[Chicago. ca. 1846]. pp.-96. Dbd. Light soiling and wear. Good. Item #WRCAM47625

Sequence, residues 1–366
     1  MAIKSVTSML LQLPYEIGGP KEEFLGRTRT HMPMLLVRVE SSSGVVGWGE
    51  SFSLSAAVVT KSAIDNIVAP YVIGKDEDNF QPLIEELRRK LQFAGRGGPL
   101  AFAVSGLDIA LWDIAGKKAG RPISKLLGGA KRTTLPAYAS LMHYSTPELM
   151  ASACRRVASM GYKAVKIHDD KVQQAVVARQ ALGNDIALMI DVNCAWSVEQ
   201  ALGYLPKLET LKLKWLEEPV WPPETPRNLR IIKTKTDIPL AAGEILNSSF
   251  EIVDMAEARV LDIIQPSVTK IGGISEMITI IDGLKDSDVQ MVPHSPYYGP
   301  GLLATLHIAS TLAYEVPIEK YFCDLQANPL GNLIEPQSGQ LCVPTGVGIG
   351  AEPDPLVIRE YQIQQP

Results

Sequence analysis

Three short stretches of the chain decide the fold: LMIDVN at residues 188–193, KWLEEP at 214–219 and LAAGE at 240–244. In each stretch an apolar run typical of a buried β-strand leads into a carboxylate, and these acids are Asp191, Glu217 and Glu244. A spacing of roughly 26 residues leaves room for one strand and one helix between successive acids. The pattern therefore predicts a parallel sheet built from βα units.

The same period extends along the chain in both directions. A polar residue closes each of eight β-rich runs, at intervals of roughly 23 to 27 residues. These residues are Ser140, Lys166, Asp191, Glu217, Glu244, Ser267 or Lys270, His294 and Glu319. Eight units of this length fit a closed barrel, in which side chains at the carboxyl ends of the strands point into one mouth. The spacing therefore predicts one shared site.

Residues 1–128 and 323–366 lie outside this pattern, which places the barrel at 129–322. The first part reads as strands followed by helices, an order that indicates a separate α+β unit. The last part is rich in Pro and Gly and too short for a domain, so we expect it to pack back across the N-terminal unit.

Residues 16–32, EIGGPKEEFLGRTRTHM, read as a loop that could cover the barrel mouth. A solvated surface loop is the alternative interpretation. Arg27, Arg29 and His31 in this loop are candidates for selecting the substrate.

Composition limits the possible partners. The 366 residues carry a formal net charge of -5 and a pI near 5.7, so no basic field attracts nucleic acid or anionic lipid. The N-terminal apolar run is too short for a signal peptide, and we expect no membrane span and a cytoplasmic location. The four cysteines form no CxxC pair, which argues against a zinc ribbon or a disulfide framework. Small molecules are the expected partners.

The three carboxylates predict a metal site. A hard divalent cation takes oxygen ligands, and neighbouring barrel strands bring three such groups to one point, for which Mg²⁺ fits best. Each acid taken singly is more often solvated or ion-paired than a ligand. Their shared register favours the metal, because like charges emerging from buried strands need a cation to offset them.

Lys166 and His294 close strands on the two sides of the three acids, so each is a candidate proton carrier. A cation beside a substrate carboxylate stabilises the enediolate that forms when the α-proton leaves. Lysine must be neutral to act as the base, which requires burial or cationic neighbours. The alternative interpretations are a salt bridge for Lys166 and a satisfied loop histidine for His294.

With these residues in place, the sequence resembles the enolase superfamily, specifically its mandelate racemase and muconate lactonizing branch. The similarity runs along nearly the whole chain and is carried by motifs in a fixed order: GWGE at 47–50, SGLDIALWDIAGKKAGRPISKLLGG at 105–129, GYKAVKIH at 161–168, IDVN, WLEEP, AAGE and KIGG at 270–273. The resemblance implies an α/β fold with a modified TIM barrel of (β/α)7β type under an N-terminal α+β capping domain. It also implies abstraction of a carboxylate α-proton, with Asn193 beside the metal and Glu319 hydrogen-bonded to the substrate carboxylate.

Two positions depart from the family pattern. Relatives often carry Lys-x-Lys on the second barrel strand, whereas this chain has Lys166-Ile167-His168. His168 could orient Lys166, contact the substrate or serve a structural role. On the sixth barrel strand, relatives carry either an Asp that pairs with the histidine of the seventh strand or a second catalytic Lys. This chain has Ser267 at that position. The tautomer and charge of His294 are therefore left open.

A scarce printed letter from John Quincy Adams to the anti-slavery committee in Bangor, dated July 4, 1843, followed by a report from the Monroe, New York DEMOCRAT about Adams' recent journey through the state. In his letter to the Bangor committee Adams declines an invitation to speak, citing poor health, but contributes a "strong blast at the institution of slavery" (Byrd). "The extinction of SLAVERY from the face of the earth," Adams writes, "is a problem, moral, political, religious, which at this moment rocks the foundations of human society throughout the regions of civilized man. It is, indeed, nothing more nor less than the consummation of the Christian religion" (p.). The letter first appeared in a regular issue of THE LIBERTY TREE (probably the December 1843 issue, according to Byrd) and was most likely printed separately (but retaining original pagination) along with other important documents from the first volume of that publication approximately three years later. THE LIBERTY TREE was a monthly anti-slavery periodical edited and published in Chicago by Zebina Eastman from 1843 to circa 1846. OCLC lists five copies: University of Chicago, Libraries of the Claremont Colleges, Abraham Lincoln Presidential Library, Brown University, and Princeton. BYRD 1009.